The use of a selective pressure to isolate a more tumorigenic cell is often used in studies seeking to identify the progenitor tumor-initiating cells (cancer stem cell) via culturing the cells in non-adherent conditions . The rationale driving this culture system is that only the progenitor tumor-initiating cells are able to survive and self-renew when contact with the ECM is disrupted, whereas differentiated, non-tumor initiating cells experience anoikis and die . Potentially a similar mechanism of selective pressure is actively selecting for the more aggressive cancer cell in the restrictive premenopausal AA microenvironment.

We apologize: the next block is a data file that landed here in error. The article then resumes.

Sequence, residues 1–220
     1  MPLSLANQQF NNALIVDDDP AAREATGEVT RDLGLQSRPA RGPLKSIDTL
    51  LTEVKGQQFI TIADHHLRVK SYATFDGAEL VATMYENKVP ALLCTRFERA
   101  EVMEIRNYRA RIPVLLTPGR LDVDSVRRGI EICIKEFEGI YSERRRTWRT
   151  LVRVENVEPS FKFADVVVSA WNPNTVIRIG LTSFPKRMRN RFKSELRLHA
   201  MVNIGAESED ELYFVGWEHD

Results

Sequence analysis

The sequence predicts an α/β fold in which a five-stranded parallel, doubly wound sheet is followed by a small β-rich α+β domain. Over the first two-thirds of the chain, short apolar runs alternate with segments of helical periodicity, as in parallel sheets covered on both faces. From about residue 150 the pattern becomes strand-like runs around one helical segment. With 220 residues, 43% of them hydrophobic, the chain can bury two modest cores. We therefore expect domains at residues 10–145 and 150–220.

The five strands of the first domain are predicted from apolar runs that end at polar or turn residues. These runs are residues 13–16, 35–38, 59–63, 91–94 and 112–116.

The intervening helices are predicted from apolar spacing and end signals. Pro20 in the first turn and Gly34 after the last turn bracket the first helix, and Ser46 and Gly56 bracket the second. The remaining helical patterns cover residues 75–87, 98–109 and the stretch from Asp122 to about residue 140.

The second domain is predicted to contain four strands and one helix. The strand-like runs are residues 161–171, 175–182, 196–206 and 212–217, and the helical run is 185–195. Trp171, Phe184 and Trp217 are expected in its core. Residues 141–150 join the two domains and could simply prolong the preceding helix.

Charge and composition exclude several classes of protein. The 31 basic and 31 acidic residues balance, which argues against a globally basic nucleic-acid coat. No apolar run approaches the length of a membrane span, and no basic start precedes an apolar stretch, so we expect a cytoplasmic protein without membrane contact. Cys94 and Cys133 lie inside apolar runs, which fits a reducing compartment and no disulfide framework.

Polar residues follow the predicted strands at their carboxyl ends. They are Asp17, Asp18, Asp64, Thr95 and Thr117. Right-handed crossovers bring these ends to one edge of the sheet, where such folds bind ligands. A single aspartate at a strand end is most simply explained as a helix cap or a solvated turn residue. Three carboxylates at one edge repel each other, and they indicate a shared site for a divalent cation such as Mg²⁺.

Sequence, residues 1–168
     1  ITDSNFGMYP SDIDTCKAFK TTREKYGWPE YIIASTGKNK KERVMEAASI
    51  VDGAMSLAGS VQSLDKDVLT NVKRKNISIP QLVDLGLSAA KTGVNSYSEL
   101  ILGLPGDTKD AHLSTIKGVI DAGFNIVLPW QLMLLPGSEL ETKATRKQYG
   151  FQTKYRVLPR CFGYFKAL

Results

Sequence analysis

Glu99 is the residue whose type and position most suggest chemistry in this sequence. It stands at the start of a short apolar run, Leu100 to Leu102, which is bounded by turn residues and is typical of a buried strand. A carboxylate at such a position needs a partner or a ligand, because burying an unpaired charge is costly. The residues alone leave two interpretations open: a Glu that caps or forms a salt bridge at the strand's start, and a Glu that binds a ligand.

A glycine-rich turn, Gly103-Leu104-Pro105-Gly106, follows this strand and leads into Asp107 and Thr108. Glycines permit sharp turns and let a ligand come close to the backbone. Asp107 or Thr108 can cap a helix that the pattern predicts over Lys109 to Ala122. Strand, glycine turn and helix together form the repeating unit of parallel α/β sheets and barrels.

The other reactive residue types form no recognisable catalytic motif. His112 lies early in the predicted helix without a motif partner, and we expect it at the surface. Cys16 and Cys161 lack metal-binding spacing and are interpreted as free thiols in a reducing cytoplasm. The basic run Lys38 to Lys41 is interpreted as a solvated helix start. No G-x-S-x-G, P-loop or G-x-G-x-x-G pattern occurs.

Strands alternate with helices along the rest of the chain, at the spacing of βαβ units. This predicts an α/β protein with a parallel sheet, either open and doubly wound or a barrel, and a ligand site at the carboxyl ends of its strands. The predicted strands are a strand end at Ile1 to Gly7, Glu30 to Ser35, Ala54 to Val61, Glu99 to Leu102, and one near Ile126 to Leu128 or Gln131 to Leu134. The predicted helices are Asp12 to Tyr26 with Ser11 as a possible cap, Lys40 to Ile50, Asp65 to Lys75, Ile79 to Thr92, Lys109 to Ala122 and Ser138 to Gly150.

It is noteworthy that the invasiveness, tumorigenicity, and metastases of the ER+/PR+ cells were enhanced in the presence of the CAU ECM. It has been similarly shown that breast cancer cell proliferation, in response to androgens, was dependent upon both the ER status of the cell and signals from the ECM. Specifically, ER+ MCF7 cells proliferated in the presence of dihydrotestosterone (DHT) by an ERα-dependent mechanism; however, MDA-MB-231 cells responded to DHT by an ER-independent, αvβ3 integrin pathway . Additional estrogen and ECM/integrin interactions related to tumorigenesis have been reported. Hypoxia-inducible factor 1α (HIF-1α), a transcription factor which is overexpressed in the majority of human carcinomas and controls central metastasis-associated pathways, was shown to increase anchorage-independent growth by downregulation of the α5 integrin . Anchorage independent growth and decreased α5 integrin levels were reverted by treatment with the estrogen metabolite, 2-methoxyestradiol, a known pharmacological inhibitor of HIF-1α.